We suspected that we had successfully created a fifth of vanilla extract. Vanilla vodka was an easy one to overinfuse, resulting in too strong a flavor. This much time could only exacerbate the effect. Though we were fearful of burning out our taste buds once and for all, we knew we had no choice but to once again don our lab coats, sample the vodka and report on our results.
Wayland chilled two shots in a shaker of ice and poured.
We toasted to the past, and then it was time to drink. Both of us were hesitant to be the first to try it, but Wayland volunteered in the name of science. He contemplated his fate for a brief moment, then tipped the shot back and swallowed it.
The results were surprising. "The first thing I noticed was overall how smooth it was," he wrote. "There was none of the alcohol burn I expected. It was most definitely a strong vanilla flavor. A bit stronger vanilla than I think I would have preferred, but honestly, it would have been sippable straight up, if not for the stale flavor that lingered on the back end."
Despite Wayland's positive reaction, I was still apprehensive as my turn arrived. Regardless, I fulfilled my sacred duty to the scientific process.
My experience wasn't quite as favorable as Wayland's, but it was nowhere near as bad as I had expected. The flavor was strong, to be sure, but it was not really that harsh. Unlike Wayland, I did feel a bit of an alcohol burn. I was surprised that the flavor was not stronger than it was; it seems that the flavor plateaued at some point, or reached terminal concentration, once the vodka and bean reached some sort of equilibrium.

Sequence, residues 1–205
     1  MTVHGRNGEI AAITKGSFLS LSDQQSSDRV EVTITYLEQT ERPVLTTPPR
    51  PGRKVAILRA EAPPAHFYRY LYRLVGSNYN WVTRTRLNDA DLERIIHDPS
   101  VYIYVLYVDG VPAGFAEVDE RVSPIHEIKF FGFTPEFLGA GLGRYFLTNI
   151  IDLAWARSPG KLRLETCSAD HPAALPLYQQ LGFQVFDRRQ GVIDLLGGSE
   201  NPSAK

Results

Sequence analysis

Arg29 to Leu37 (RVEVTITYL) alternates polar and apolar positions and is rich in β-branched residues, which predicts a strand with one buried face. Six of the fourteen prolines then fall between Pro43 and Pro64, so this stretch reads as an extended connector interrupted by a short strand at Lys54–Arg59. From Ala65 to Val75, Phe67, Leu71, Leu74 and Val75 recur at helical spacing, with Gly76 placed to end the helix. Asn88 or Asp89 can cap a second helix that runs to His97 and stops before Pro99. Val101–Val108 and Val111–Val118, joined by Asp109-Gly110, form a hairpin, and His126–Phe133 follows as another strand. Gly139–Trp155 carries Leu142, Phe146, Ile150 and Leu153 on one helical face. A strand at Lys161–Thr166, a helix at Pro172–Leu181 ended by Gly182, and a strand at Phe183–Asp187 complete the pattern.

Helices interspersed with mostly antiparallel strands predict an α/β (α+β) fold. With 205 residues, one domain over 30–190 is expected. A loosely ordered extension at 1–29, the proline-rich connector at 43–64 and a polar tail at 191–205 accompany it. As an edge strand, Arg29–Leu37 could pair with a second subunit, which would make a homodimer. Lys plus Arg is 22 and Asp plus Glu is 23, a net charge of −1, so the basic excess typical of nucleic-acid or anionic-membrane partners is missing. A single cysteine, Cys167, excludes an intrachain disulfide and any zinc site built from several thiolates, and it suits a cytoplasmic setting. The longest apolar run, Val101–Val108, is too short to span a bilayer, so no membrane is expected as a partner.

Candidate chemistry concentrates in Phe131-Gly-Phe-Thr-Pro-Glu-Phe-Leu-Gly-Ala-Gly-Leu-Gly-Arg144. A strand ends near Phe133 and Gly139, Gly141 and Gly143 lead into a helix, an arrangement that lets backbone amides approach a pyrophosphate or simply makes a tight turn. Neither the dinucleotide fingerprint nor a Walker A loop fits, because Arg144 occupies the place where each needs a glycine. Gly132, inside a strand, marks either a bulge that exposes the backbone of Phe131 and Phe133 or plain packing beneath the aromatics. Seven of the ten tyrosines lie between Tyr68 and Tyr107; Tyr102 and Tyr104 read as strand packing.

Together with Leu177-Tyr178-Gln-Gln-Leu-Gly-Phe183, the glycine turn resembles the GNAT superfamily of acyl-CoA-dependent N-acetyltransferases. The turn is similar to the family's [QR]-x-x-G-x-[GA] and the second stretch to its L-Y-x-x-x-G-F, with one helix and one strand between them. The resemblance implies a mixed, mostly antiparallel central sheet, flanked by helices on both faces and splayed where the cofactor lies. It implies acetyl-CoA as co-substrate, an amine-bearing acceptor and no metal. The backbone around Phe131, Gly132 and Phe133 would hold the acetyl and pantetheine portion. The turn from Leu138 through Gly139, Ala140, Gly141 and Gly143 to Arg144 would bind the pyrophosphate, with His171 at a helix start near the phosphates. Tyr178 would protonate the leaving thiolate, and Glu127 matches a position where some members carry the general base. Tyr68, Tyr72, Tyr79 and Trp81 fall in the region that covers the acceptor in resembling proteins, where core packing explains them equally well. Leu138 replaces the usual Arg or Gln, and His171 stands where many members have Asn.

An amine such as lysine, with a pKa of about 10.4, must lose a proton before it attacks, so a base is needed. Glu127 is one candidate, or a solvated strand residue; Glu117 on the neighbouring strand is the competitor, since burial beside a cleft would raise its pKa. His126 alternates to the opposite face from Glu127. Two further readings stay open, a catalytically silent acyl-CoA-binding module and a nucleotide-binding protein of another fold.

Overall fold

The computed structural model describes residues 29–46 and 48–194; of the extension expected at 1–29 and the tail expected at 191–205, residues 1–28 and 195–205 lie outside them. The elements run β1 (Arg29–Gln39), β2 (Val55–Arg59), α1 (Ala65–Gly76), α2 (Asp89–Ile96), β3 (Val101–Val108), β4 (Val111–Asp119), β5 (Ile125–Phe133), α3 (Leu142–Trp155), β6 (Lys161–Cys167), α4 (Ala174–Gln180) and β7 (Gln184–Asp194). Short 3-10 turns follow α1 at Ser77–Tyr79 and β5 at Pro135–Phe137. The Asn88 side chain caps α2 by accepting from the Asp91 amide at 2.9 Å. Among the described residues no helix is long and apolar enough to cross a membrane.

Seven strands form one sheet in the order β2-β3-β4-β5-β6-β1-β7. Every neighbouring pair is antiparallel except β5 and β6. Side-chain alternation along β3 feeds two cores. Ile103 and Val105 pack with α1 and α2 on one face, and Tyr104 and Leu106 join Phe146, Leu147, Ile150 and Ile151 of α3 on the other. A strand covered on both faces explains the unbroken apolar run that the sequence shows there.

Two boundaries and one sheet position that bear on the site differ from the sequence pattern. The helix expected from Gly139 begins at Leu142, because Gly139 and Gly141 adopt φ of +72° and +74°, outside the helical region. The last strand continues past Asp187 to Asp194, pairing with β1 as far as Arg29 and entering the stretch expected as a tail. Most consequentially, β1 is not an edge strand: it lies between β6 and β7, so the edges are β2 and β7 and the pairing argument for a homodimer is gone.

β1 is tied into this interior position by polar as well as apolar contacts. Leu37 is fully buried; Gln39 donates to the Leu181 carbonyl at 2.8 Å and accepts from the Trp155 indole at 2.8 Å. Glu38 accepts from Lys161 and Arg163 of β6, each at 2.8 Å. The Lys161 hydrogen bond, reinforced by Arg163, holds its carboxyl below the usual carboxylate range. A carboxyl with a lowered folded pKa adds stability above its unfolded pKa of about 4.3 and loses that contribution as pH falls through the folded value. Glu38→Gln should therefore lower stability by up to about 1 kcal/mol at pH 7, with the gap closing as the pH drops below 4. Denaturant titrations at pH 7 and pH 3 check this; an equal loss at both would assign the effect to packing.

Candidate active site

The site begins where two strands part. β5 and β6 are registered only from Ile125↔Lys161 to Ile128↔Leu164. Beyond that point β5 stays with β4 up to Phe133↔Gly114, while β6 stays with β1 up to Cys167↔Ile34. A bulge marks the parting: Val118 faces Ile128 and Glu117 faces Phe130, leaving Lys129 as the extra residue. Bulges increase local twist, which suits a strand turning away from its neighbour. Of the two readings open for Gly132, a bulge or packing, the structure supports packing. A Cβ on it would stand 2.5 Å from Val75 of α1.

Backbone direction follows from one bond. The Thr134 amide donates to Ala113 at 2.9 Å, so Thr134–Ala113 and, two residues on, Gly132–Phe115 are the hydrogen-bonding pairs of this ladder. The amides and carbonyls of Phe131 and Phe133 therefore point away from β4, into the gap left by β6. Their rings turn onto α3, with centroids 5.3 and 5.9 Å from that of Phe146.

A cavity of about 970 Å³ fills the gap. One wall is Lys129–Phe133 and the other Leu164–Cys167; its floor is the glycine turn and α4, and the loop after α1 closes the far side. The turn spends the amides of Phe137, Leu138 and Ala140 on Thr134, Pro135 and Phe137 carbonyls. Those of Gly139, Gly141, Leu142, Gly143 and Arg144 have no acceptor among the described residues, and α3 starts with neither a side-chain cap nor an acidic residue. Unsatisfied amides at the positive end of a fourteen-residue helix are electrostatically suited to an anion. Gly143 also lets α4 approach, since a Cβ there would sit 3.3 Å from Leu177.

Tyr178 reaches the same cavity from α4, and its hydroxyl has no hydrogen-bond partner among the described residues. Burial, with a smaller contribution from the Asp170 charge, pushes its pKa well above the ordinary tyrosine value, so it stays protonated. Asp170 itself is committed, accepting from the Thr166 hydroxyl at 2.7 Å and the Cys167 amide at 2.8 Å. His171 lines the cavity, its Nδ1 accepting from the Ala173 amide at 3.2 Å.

Our fears that we had created vanilla extract turned out to be unfounded. We did some research after the fact on what this would involve in a literal sense. According to Wikipedia, "pure" vanilla extract contains a minimum of 35% alcohol (we have that one covered) and 13.35 ounces of vanilla bean per gallon, per US FDA regulations. Further research revealed that one ounce of vanilla is about seven beans. A few quick calculations later, and we determined that we would have to infuse 18.5 vanilla beans in a fifth of vodka to make 750mL of vanilla extract. Ours was a mere 5.4% of pure strength, regardless of the time interval. So if you are interested in making your own vanilla extract, now you know how it's done. We declined to take a shot of actual vanilla extract for control purposes.
The day after we sampled the vodka, we had a small get-together at the laboratory, and our friends Lexie and Shyla enjoyed several drinks containing the super-infused vanilla vodka. So even at this high flavor strength, it is quite drinkable, especially when diluted with other ingredients. We can only declare this accidental experiment to be a success.
So, this concludes the final experiment of Infusions of Grandeur. We realize that when we dropped off the face of the earth, we left several ongoing experiments without conclusions. Most of our lab records from that era are long gone, but we will answer any questions posted in the comments to the best of our ability and memory. Until then, this is the Mad Scienticians, signing off.